So our first Theophany was a resounding success! I also enjoyed praying the Liturgy of the Hours for the Epiphany, and then concluding the Christmas season on Monday with the feast of the Baptism of the Lord in the Latin rite. 

My little blending of East and West is going well. How was your Epiphany/Theophany last weekend? ๐Ÿ˜€

Friday, January 6, 2023

Sunday before the Theophany of Our Lord/The Circumcision of Our Lord

Hello all and Merry Christmas! I hope your Christmas season is progressing peacefully and joyfully. We're doing well here and regrouping after the blizzard. We had to dig out, helped by post-storm milder weather that caused a lot of melting. And then we celebrated Christmas with our extended families later that week. :)

Last weekend we were happily able to return to Divine Liturgy, and New Year's Day this year heralded a focus on the coming feast of Theophany (Baptism of the Lord) and the circumcision of Our Lord. Father's homily addressed how circumcision was a sign of faith, and now that sign is baptism. We should all celebrate our baptism as a constant sign of the reality of our faith. It was all quite lovely. ๐Ÿ˜Š

It was nice to be back with the small congregation again, and everyone seemed pleased to see us again. The kids have expressed to me that they do prefer attending the Divine Liturgy, for a myriad of reasons that are not exactly theological, but I do appreciate them talking to me about spiritual things in any capacity, and I want to do what is best for all of us. Mostly, they're better able to pay attention at Divine Liturgy because it is shorter (the English language liturgy is spoken and not chanted at this parish) and it, plus the Eastern style art and surroundings, engage them more. So for the time being, we're going to keep focusing our attending on attending here on Sundays as often as we can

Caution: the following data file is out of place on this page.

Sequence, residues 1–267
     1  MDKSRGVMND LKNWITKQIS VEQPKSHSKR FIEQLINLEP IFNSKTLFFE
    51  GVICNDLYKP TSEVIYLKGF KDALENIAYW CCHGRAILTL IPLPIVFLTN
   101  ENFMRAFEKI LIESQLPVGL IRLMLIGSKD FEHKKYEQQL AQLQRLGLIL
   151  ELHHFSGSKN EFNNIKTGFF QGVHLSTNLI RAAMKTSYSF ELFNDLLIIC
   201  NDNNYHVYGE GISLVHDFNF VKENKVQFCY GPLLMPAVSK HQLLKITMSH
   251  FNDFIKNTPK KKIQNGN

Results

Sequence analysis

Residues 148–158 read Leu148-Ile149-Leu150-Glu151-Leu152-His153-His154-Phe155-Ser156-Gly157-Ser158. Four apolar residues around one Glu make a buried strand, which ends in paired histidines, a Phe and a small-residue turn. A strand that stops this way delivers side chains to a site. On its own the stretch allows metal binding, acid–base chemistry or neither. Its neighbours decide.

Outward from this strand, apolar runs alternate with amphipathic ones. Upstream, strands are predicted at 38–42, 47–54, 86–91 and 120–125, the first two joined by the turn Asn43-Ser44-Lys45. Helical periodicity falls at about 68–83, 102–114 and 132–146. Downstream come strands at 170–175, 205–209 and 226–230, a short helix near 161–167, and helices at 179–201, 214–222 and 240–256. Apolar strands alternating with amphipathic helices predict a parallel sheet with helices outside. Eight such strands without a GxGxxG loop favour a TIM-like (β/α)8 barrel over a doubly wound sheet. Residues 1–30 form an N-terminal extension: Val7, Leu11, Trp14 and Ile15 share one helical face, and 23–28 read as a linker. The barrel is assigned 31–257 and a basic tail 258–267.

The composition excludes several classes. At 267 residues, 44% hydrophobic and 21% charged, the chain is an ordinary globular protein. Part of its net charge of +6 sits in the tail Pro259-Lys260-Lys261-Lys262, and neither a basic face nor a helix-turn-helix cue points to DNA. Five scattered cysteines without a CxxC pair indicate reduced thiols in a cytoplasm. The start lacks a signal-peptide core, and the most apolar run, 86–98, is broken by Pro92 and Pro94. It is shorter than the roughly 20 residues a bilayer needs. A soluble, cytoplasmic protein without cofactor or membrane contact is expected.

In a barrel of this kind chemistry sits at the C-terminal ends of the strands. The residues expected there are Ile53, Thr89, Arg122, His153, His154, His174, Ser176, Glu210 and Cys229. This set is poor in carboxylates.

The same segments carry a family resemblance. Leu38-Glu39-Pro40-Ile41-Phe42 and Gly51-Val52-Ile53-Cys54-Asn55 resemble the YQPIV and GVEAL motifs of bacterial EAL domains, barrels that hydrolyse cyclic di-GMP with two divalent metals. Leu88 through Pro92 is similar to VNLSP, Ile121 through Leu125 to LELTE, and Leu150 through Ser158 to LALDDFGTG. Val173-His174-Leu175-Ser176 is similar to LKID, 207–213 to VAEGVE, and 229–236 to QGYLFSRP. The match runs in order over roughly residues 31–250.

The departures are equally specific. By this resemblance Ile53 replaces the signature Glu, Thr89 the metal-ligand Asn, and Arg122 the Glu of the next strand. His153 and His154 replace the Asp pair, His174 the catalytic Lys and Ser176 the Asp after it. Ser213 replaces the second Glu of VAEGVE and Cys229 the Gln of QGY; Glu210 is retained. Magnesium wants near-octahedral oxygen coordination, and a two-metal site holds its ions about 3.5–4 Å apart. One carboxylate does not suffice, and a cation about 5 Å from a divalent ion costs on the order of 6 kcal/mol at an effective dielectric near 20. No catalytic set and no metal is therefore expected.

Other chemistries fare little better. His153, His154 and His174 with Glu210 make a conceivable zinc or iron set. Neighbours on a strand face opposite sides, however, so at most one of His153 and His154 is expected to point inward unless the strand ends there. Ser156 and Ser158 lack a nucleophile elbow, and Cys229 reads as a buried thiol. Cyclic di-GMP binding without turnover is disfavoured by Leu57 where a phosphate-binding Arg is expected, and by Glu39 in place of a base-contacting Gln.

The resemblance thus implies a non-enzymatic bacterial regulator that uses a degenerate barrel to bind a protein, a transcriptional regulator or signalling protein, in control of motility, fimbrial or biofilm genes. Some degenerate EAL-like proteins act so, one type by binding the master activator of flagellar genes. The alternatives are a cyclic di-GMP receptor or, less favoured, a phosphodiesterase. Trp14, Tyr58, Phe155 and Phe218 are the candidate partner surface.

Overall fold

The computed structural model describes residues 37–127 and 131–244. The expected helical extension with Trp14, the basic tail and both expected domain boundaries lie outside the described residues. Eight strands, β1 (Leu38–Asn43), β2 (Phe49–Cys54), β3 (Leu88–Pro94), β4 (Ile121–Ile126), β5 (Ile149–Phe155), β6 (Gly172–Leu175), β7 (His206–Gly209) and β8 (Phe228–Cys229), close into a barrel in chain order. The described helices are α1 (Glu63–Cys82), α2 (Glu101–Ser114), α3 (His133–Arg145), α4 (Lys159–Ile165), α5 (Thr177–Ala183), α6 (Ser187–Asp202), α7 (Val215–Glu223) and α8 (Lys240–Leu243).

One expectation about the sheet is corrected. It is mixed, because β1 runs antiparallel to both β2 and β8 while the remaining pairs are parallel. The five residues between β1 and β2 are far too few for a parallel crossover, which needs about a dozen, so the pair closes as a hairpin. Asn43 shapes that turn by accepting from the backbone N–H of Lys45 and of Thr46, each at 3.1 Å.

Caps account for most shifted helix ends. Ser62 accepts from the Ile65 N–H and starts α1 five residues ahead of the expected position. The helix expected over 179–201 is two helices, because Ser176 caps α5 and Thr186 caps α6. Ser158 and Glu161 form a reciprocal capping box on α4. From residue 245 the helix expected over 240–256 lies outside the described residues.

This week, I have enjoyed using our Eastern style Advent wreath (6 tapers with one white pillar for Christmas day) with the Epiphany candles that came with it. All are white, and I surmised that we would light one every other day between Christmas and Epiphany, with the large pillar also being lit on the Epiphany itself (which as I type this, is today!). In the Eastern Church, Epiphany is always celebrated on January 6th, whereas the Latin rite celebrates it on the Sunday immediately following. You can see from my mid-week photo how we were moving through lighting the candles, and I think the entire family enjoyed this devotion, especially since we light the candles pretty much every evening now while we eat dinner, adding a new one every other day, whereas during Advent, we just light the candles on Sundays. This wreath has truly been a delight, and I'll be sad to put it away after tonight. I'll have a photo of the entire wreath lit up for next week's post!